As shown, the thread 8 of the contacting ferrule 7 runs over substantially the full ferrule length including the collet 10. To implement resiliency and clamping by the collet 10, it is designed to be offset from the remainder of the contacting ferrule 7 by an annular groove 13 evincing a larger radial depth than the depth of the threads 14 of the cross-sectionally profiled thread 8 (FIG. 2).

The collet 10, that is, its resilient segments 11, evinces at its outer periphery a conical compression surface 15. This compression surface 15 cooperates with a correspondingly conical compression cone 16 present at the inner periphery of the plug housing 6 forming the outer conductor element in such a manner that the resilient segments 11 of the collet 10 make defined contact by means of the radially clamped position caused by the plug-side compression cone 16, with the full first thread turn of the outer cable conductor 4, that is, over a peripheral angle of 360.

This radially clamped configuration of the collet segments 11 will take place when the coaxial plug 1 is affixed to the coaxial cable 2. In general and for the embodiment shown, this procedure is implemented by a screw connection, screws 17 passing through corresponding boreholes 18 in an annular flange 19 of the outer-conductor contacting ferrule 7 and being screwed into threaded holes of an annular flange 20 at the coaxial plug 1.

In a similar appropriate manner, the described connector also is used to assemble the corrugated inner cable conductor tube 5 to the particular inner conductor element of the coaxial plug 1. In the shown embodiment, this plug inner conductor element is a resilient ferrule 21 kept centered in the coaxial plug 1 by an insulating disk 22 affixed to the plug housing 6.

An inner-conductor contacting ferrule 107 corresponding to the outer-conductor contacting ferrule 7 evinces a thread 108 which is an outer cross-sectionally profiled thread. Moreover the conical compression surface 115 of the collet 110 is located at the inner periphery of the collet 110. Similarly the collet 110, that is its resilient segments 111, is offset by an outer circumferential channel 113 from the remainder of the inner-conductor contacting ferrule 107. In this case as well the outer circumferential channel 113 evinces a depth larger than the thread depths 114 of the cross-sectionally profiled thread 108 in order to assure resiliency of the collet segments 111.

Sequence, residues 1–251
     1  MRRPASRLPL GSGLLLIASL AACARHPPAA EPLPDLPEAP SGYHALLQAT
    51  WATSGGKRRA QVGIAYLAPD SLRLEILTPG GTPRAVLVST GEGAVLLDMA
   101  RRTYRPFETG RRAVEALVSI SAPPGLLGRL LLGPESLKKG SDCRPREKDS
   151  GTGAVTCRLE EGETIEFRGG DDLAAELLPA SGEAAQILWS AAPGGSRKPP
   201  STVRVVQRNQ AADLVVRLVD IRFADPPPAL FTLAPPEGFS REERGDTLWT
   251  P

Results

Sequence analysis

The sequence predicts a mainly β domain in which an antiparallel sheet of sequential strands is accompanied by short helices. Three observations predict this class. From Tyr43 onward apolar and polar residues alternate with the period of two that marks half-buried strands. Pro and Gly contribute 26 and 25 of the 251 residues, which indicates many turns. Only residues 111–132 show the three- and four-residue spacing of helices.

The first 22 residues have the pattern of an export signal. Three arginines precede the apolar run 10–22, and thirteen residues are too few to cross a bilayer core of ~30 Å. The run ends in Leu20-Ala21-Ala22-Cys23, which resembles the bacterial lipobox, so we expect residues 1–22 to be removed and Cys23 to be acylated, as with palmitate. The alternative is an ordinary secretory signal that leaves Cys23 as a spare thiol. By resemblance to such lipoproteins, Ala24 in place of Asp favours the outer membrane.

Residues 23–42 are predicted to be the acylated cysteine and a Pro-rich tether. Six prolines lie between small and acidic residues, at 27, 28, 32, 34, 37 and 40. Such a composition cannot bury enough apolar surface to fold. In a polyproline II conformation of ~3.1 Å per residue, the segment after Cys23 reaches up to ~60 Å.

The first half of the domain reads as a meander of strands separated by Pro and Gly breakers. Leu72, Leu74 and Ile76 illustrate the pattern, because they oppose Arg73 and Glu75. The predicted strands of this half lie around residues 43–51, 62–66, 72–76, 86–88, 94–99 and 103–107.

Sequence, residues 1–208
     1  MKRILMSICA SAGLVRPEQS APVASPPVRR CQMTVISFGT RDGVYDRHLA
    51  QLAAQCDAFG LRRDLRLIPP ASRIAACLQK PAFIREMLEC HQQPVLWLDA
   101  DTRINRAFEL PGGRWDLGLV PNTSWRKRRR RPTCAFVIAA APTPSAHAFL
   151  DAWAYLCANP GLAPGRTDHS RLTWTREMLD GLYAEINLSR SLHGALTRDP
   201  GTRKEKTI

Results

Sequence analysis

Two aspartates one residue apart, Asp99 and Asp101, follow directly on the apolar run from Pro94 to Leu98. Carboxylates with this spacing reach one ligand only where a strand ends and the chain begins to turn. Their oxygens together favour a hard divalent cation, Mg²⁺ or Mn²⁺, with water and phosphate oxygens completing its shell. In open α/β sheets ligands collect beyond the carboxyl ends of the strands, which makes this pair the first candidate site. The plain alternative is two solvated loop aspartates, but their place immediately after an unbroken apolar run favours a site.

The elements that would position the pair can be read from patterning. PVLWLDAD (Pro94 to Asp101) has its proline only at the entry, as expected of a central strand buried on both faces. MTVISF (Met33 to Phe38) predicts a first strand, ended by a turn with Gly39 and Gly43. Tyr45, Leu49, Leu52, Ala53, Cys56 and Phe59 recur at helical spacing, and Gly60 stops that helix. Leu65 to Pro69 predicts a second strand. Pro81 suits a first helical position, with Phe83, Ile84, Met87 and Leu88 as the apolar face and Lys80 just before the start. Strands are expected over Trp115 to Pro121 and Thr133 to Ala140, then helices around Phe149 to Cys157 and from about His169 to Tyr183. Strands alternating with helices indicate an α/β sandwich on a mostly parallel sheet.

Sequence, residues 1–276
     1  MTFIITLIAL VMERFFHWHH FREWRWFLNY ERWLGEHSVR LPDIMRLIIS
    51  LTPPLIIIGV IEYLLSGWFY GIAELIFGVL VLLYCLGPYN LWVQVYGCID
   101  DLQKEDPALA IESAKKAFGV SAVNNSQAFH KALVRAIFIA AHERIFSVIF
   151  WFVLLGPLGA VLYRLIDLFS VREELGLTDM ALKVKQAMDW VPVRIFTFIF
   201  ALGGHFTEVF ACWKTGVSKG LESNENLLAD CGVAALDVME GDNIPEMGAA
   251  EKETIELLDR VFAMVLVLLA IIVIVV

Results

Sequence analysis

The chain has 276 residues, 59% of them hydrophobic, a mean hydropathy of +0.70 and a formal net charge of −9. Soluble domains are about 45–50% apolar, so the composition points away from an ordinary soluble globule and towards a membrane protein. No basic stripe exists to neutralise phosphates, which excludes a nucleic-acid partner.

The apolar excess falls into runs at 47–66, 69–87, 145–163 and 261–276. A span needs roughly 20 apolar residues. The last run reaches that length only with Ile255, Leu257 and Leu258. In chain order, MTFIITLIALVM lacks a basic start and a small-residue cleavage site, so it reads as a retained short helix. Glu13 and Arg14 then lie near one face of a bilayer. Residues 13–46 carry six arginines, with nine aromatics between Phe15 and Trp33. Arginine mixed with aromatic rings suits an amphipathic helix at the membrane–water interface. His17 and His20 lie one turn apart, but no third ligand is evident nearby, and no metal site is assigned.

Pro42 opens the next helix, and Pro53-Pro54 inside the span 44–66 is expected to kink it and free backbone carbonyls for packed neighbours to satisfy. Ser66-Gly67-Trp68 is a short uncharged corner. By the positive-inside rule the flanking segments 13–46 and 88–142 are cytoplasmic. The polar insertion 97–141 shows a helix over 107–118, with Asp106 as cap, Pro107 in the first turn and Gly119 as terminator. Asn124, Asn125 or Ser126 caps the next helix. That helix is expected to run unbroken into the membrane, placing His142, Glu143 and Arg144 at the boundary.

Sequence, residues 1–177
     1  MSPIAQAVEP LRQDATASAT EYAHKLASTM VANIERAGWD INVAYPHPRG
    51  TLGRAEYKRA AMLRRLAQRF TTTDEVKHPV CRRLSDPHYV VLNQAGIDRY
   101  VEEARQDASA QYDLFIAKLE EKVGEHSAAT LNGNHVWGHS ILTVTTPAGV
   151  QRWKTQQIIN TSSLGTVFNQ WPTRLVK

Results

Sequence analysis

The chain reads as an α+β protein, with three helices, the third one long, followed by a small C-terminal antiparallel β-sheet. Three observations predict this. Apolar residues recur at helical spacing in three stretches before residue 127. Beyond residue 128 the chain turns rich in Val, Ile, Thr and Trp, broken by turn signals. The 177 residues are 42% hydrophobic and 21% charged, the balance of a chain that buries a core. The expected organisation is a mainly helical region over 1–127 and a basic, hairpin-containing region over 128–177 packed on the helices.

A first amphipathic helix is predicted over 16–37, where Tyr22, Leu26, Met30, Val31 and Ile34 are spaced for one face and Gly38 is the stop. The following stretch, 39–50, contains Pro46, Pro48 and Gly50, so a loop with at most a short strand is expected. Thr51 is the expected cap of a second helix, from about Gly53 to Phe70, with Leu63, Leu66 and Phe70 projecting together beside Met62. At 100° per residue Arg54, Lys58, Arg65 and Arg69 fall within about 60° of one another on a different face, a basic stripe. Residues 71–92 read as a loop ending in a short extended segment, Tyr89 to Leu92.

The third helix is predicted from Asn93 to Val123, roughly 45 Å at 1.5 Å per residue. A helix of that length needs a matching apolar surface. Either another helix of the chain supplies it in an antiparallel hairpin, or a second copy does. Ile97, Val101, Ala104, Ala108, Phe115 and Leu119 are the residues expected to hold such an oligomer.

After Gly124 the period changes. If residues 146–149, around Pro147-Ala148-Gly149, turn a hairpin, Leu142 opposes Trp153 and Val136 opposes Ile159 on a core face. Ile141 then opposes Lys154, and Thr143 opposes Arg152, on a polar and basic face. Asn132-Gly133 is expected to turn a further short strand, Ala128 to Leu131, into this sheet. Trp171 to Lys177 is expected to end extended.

As clearly indicated in FIG. 1, the compression cone 116, cooperating with the inner conical compression surface 115 of the inner-conductor contacting ferrule 107, is present at the outer surface of contacting bolt 23. This contacting bolt 23 has an outer thread 24 for screwing into the inner-conductor contacting ferrule 107 for the purpose of radially pressing the resilient segments 111 of the collet 110 against the corrugated inner cable conductor 5. Moreover this contacting bolt 23 comprises a cylindrical segment 25 insertable into the matching resilient ferrule 21 for the purpose of coupling with the inner conductor of the coaxial plug 1 where it can be clamped in place by means of an inner-conductor central screw 26.